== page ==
Many dog owners notice their puppy eats things they shouldn’t. Many puppies will eat toys, rocks, dirt, other small objects and even pieces of furniture they’ve chewed off.
Not only are these destructive behaviors frustrating, but they can also cause serious health problems. Things swallowed by young puppies or adult dogs can get lodged in the digestive tract, causing a blockage. Sharp objects can also puncture vital organs from the inside, so it’s crucial to teach dogs to stop eating things they shouldn’t.
But why would a dog eat everything, and how can you stop them from doing it? Continue reading to find out.
Why Do Puppies Eat Everything?
There are various reasons most puppies eat everything they can get their mouth on. One of the primary reasons is poor impulse control. Like human babies and toddlers, a pup has to learn how to control its impulses. This is done through a combination of proper training and reaching adulthood.
A puppy’s teeth can also be to blame for its strange eating habits. When it’s teething, everything goes into a dog’s mouth to ease its pain and discomfort. Unfortunately, while chewing many dogs accidentally ingest pieces of the object. For example, your puppy may have meant to chew on rocks rather than eating them. In the process, it accidentally swallowed small pieces or an entire rock. Unfortunately, chewing rocks can also damage your canine’s teeth.
Various health concerns (such as a condition called pica or nutritional imbalances) can also cause your pet to eat dirt or eat grass or eat rocks. Although it’s a disgusting habit, some dogs will also eat poop. Poop eating is a common complaint for new pet owners. While it may not make much sense to pet parents, the pup has an instinct to eat certain things hoping it’ll feel better. Some puppies grow out of the stage where they eat everything. For other dogs, medical problems can be why they continue eating inedible things as though they were food.
If you’re unsure why your dog eats inappropriate things, make an appointment to discuss it with your vet. Only a vet can get to the root cause and tell you if your puppy’s behaviors are normal (or not concerning) or indicate an underlying problem.
Puppy-Proof Your Home
You can’t puppy-proof the world, but you can make your home safer for your dog. One way to make your home safer is to crate train your puppy for when you aren’t home. While some dogs like the sense of security a traditional crate provides, others may not enjoy the small space. If this is the case, consider using a spare room as a dog’s safe space. Other ways you can puppy-proof your home and backyard include:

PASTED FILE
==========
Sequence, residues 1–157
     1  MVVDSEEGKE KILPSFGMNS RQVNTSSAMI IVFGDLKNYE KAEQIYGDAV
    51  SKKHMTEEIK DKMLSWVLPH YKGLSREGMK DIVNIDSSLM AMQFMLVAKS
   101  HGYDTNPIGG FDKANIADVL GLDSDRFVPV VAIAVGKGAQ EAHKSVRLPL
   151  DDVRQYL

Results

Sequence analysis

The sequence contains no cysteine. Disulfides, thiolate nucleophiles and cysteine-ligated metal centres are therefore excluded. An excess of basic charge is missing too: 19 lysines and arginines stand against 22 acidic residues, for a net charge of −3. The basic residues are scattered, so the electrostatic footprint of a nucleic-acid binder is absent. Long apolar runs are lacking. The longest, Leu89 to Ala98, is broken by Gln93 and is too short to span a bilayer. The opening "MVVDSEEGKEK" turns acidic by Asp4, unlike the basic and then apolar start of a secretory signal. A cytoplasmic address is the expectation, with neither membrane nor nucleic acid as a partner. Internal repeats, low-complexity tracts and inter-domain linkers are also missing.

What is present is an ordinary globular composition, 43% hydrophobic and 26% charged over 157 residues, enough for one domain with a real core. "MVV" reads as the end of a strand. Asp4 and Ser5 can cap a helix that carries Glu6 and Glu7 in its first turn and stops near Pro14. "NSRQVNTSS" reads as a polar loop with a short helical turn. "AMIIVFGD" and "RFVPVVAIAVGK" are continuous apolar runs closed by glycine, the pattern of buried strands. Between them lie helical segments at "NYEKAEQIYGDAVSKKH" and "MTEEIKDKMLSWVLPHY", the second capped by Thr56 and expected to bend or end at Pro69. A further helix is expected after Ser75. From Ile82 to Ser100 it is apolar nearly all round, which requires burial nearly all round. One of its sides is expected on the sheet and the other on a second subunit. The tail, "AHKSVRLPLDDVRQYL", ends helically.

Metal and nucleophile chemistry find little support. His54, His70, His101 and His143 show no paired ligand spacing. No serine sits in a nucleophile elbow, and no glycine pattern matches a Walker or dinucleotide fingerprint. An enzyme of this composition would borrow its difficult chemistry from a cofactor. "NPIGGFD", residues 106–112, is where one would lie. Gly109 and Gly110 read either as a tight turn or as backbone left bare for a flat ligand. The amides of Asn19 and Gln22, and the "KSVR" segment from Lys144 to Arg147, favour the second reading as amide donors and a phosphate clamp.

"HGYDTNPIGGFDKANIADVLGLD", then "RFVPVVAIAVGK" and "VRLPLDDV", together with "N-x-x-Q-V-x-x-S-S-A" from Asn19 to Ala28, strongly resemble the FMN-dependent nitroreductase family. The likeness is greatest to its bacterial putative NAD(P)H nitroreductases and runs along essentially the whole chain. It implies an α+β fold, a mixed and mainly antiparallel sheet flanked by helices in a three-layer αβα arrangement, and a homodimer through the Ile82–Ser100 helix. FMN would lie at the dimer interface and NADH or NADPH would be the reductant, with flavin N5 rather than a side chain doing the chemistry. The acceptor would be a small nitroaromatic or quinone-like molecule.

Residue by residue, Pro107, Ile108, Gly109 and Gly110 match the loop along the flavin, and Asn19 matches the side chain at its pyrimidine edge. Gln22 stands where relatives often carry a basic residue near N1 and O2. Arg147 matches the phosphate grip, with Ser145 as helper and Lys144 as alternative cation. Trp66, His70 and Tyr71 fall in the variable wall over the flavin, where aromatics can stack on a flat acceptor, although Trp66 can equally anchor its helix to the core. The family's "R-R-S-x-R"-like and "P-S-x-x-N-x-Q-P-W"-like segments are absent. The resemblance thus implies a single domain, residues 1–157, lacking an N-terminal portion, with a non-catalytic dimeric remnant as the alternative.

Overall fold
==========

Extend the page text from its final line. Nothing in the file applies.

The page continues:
- Removing all plants that are toxic to your animals
- Securing any plants (that aren’t toxic) in hard-to-reach areas
- Using a cable management sleeve for all low-lying cords
- Picking up any cords that aren’t currently in use
- Making sure all cleaning supplies and medications are stored securely in a high cabinet
- Keeping all coins, jewelry and other small items off the floor
- Keeping the lid down on all toilets (or keep bathroom doors closed)
- Getting rid of any full water basins (as they pose a drowning risk)
- Using a trash can with a lid
- Screening off all fireplaces
- Using closed doors or baby gates to keep the puppy out of any hazardous rooms
Hazardous rooms can include basements, attics, playrooms and utility rooms. Any space where many small or otherwise dangerous objects are should be secured. It also helps to provide plenty of mental stimulation (such as interactive toys) to your new pet and feed it dog food containing all the nutrients it needs to thrive.
Incorporate These Dog Training Commands
Most basic impulses can be curbed with proper training. You should attempt to keep a regular training schedule from an early age. This schedule can be continued as your puppy grows into an adult dog. For starters, you might consider muzzle training if your puppy tends to eat inedible objects while you’re out on walks. An alternative is carrying treats with you.
Several basic commands can help with most dogs eating strange objects. The most important commands to teach for this behavioral issue are “drop it” and “leave it.” Incorporate these commands into an exchange game, where your dog gets rewarded for dropping non-food items and is rewarded with an edible treat.
Keep an Eye on Your Puppy
Unlike older dogs, you can’t leave puppies unsupervised. Having a puppy is a lot like having a human toddler — they’ll get into everything they see because of sheer curiosity. This curiosity isn’t only natural but also healthy, as long as you’re there to prevent any disasters. You’ll want to keep any new puppy under close supervision.
If your dog ate weird things despite your best efforts, the best thing you can do is call the vet immediately. In many cases, small, nontoxic objects will pass through your dog’s gastrointestinal tract without causing anything more serious than an upset stomach. However, some foreign objects can be a big deal and require surgery or other medical interventions.
Learn More About Correcting Your Puppy’s Behavior
If your puppies eat things they shouldn’t, it can be confusing, frustrating and overwhelming. The information above can help stop these unwanted behaviors. However, if you still have questions about why your pet is eating everything, you can find more helpful information online at The Dog Wizard. You can also locate qualified dog trainers in your area if you feel professional help is necessary to stop compulsive eating issues.